The findings from our case descriptions, the first of their kind, intersect in interesting ways with the messages arising from two systematic reviews of the factors that increase the prospects for research use in policymaking. Strong relationships between researchers and policymakers bodes well given such interactions appear to increase the prospects for research use. The time-consuming nature of an evidence-based approach, on the other hand, suggests the need for more efficient production processes that are 'quick and clean enough.' Our case descriptions and accompanying video documentaries provide a rich description of organizations supporting the use of research evidence, which can be drawn upon by those establishing or leading similar organizations, particularly in low- and middle-income countries.

Background

Learning from the experiences of existing organizations that produce clinical practice guidelines (CPGs), undertake health technology assessments (HTAs), and directly support the use of research evidence in developing health policy on an international, national, and state or provincial level (i.e., government support units, or GSUs) can reduce the need to 'reinvent the wheel' and inform decisions about how best to organize support for evidence-informed health policy development processes, particularly in low- and middle-income countries (LMICs) (Table 1) [1]. We described in the second and third articles in the series the methods and findings from the survey and interview phases of our three-phase, multi-method study [2-4]. We focus here on describing the methods and findings from the study's third phase. In this phase, we produced case descriptions (based on site visits) of a purposively sampled subgroup of organizations from among those that participated in the second phase of the study and (once) from among other organizations with which we were familiar, again with an emphasis on those organizations that were particularly successful or innovative.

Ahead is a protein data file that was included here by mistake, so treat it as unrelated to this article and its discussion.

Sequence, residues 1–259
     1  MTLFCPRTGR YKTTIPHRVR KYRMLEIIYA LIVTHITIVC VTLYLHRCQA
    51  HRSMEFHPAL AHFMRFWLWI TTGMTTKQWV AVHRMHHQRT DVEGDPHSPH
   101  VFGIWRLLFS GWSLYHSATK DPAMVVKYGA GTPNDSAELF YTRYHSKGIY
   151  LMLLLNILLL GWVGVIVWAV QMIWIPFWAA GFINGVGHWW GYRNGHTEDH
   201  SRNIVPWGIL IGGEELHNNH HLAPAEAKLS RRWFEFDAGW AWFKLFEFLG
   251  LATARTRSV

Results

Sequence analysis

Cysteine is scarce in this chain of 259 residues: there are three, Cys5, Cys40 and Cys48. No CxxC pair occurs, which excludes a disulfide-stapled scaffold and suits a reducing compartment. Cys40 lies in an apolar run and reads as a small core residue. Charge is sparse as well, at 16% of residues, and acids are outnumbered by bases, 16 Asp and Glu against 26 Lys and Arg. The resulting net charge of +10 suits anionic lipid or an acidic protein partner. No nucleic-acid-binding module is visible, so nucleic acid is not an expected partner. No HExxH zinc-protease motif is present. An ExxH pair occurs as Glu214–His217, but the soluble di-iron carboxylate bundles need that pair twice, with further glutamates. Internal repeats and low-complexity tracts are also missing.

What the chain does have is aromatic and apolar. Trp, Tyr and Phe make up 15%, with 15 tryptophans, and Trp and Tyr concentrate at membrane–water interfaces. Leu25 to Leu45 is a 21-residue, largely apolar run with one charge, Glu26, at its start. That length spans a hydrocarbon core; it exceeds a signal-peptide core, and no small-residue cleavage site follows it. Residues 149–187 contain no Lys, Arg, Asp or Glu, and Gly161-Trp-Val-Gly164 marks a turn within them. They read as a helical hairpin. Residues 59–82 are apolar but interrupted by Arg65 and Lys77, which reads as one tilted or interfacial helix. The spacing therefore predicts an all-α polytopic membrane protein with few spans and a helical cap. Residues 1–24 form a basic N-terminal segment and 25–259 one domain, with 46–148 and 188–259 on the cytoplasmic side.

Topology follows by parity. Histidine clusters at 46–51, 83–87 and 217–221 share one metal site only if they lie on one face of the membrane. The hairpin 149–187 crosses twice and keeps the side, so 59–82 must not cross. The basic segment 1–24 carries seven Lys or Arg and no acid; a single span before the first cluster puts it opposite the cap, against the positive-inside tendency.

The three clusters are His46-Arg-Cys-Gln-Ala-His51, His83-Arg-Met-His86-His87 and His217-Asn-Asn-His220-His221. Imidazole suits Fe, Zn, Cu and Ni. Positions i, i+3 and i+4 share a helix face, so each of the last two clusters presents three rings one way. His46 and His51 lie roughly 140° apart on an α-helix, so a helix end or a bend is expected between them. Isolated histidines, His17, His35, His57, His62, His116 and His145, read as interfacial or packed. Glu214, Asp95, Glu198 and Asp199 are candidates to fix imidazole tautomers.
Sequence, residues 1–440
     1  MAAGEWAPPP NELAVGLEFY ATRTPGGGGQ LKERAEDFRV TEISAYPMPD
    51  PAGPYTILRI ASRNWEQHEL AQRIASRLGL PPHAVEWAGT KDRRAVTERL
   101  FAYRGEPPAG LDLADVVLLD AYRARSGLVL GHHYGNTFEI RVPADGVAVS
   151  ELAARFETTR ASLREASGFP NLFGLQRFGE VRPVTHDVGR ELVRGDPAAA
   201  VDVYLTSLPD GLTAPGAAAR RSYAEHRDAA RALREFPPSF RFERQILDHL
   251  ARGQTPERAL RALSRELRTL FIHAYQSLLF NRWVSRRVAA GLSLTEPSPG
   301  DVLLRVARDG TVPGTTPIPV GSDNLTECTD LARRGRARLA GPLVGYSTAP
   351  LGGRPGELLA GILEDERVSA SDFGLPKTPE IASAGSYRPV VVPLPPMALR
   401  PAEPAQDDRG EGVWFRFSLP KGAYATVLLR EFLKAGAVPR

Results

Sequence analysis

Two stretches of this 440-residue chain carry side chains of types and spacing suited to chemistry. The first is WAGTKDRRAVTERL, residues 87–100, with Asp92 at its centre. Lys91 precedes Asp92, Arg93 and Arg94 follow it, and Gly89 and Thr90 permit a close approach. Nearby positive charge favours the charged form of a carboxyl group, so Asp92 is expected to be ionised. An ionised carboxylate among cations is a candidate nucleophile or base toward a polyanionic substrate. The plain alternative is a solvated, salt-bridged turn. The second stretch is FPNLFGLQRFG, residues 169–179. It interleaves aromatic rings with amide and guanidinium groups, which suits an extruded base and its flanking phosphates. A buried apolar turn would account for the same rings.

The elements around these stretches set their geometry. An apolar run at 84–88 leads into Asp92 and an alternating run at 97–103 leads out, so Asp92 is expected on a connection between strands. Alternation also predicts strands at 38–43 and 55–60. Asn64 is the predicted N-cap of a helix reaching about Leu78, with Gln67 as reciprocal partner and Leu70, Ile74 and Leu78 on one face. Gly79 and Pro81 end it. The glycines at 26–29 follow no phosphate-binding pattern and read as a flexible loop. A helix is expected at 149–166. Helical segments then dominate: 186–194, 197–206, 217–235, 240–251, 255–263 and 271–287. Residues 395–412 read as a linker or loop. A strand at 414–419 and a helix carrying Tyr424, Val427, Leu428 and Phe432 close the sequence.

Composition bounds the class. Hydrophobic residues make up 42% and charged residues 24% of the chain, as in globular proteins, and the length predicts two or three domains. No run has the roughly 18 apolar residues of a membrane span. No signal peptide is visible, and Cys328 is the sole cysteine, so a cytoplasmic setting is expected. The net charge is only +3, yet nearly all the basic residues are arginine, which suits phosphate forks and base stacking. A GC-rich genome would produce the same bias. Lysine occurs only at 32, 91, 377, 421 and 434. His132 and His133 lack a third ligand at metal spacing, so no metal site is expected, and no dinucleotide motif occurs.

Table 1. Overview of the four-article series

Previous efforts to produce case descriptions in this field have focused on topics like: 1) the use of research evidence in particular policy decisions, rather than the GSUs that may have produced the research evidence and supported its use [5-11]; and 2) the research evidence on specific technologies [12-14], or HTAs in specific jurisdictions [15,16], rather than on the HTA agencies that may have produced the research evidence or HTAs and supported their use. Moreover, although numerous CPG-producing organizations and HTA agencies have had external evaluations [17-19], these evaluations have typically been reported in unpublished internal documents and they have not used a common approach or been analyzed as a group to identify the lessons that have emerged across multiple evaluations.

Case descriptions offer the potential for capturing the views and experiences of many individuals who are familiar with an organization, including staff, advocates, and critics. Moreover, case descriptions offer the potential to focus on organizations that are of significant interest yet have been understudied, namely GSUs, organizations that are in some way successful or innovative, and organizations that are based in LMICs. We decided during the course of the study to make short video documentaries about each case, and a cameraperson/editor/technical producer was hired to work with a member of the study team (RM) on this series. Video documentaries offer the potential for 'bringing alive' the case descriptions in ways that text rarely can.

Methods

Study sample